Hy 2041
q-A 25-year-old nulliparous woman at 30 weeks' gestation comes to the labor and delivery ward complaining of contractions, a headache, and flashes of light in front of her eyes. Her pregnancy has been uncomplicated except for an episode of first trimester bleeding that completely resolved. Her temperature is 37 C (98.6 F), blood pressure is160/110 mm Hg, pulse is 88/minute, and respirations are 12/minute. Examination shows that her cervix is 2 centimeters dilated and 75% effaced, and that she is contracting every 2 minutes. The fetal heart tracing is in the 140s and reactive. Urinalysis shows 3+ proteinuria. Laboratory values are as follows: leukocytes 9,400/mm3, hematocrit 35%, platelets 101,000/mm3. Aspartate aminotransferase (AST) is 200 U/L, and ALT 300 U/L. What drug should you choose, TERBUTALINE, INDOMETHACIN, or MAGNESIUM SULFATE?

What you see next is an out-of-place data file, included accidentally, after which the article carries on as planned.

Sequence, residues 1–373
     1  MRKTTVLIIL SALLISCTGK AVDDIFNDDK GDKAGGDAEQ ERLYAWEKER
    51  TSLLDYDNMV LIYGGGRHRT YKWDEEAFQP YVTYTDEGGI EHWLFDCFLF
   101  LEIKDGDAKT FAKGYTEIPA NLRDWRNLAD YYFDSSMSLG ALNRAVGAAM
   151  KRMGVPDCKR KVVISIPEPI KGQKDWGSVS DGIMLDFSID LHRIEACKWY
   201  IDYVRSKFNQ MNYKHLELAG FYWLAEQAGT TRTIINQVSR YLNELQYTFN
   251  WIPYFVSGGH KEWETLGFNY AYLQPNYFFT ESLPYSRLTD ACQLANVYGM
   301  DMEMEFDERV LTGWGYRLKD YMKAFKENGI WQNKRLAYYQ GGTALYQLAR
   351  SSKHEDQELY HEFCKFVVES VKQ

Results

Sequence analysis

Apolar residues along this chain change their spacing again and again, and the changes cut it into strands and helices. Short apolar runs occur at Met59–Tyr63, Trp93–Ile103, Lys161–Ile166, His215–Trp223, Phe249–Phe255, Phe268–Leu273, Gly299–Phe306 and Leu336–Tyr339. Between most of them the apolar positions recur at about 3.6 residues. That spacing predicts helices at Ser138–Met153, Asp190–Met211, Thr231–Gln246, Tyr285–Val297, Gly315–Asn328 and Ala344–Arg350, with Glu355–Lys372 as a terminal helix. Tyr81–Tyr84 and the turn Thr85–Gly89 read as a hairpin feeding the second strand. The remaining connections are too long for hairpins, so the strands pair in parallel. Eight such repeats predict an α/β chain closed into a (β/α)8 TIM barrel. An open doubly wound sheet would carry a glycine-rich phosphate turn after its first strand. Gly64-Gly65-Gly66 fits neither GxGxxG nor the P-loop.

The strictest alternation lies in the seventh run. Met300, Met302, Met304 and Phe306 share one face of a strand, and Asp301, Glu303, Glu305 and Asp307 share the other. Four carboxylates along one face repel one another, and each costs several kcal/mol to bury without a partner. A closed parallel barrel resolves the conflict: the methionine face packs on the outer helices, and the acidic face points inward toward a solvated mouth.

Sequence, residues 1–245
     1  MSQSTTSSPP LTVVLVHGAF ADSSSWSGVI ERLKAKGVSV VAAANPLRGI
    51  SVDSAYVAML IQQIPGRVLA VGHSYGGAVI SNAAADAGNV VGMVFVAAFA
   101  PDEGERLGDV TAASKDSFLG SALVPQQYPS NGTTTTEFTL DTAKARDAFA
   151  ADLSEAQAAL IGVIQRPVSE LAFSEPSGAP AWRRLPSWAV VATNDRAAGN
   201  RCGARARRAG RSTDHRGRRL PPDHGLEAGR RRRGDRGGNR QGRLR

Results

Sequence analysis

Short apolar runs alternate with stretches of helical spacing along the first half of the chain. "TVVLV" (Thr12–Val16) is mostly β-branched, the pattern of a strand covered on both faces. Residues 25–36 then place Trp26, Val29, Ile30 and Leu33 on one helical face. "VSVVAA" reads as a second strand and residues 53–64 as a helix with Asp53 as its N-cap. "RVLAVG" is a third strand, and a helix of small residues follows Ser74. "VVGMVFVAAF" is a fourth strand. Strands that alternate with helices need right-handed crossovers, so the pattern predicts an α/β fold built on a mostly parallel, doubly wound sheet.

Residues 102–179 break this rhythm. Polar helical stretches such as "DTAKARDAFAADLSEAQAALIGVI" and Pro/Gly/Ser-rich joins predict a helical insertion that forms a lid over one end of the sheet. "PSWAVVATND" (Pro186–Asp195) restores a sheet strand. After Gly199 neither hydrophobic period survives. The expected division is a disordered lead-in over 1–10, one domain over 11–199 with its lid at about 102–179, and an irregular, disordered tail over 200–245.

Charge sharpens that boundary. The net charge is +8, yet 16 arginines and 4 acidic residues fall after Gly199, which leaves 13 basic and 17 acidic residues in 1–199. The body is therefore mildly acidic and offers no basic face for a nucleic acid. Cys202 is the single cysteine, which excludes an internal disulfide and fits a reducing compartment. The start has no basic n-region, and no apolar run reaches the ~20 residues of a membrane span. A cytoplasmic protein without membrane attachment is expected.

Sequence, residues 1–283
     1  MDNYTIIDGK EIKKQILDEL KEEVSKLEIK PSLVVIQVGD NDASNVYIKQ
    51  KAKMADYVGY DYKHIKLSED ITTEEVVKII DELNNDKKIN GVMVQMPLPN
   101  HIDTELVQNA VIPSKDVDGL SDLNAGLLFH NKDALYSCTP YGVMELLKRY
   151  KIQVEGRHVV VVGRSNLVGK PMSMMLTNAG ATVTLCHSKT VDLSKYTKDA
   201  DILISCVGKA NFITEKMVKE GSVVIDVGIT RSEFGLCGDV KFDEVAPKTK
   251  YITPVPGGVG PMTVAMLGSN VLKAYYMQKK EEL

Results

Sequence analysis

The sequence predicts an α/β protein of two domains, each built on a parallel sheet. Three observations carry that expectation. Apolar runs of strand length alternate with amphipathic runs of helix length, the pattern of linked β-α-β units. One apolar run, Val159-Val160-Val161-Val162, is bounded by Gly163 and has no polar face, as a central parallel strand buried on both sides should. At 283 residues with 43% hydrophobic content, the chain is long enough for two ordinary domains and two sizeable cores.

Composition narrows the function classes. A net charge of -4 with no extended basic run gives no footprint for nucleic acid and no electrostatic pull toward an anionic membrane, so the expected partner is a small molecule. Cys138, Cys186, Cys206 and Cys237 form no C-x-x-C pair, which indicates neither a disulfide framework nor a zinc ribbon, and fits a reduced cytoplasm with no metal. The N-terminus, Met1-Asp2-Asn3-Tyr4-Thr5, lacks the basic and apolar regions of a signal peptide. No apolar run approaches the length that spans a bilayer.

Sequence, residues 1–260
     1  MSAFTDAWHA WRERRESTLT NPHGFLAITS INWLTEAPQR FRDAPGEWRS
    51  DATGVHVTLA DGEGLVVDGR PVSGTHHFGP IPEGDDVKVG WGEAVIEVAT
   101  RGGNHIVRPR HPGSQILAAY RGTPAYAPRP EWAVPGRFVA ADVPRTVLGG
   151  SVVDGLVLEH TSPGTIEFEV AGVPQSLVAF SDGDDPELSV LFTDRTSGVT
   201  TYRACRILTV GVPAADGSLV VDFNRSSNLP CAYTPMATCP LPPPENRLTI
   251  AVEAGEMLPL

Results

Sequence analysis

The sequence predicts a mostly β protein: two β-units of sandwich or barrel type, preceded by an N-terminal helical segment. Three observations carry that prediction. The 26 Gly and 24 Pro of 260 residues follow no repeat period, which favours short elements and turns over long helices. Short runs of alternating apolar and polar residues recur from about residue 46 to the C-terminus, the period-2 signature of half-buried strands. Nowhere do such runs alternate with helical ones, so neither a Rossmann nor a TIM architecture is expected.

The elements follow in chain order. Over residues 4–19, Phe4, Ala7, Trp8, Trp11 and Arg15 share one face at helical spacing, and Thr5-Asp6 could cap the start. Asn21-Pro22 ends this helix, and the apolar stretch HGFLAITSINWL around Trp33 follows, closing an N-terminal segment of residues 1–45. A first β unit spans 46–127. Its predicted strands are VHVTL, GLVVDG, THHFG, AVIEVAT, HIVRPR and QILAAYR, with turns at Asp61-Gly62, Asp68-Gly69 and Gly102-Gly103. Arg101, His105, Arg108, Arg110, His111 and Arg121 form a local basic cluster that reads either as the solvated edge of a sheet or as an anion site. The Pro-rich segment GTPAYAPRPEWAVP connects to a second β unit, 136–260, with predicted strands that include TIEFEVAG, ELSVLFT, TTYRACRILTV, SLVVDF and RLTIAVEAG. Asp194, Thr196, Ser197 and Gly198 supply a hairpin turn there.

a-This patient has severe preeclampsia. Preeclampsia is diagnosed on the basis of hypertension, edema, and proteinuria. Severe preeclampsia may be diagnosed when the patient has one of the following: a headache that does not respond to analgesics, visual changes, seizure, very elevated blood pressures, pulmonary edema, elevated liver function tests, severe proteinuria, oliguria, an elevated creatinine, thrombocytopenia, hemolysis, intrauterine growth restriction, or oligohydramnios. The management of severe preeclampsia after 32 weeks is with delivery. Prior to 32 weeks, consideration may be given to expectant management of the patient depending on the clinical circumstances. Here, it is a hard question cause you have to ASSESS the severity. Here, the situation is serious enough to warrant Mag Sulfate, which is the strongest of the drugs mentioned. She is a little early for delivery considerations, but this is a tough decision to make--you must attempt delivery of the baby.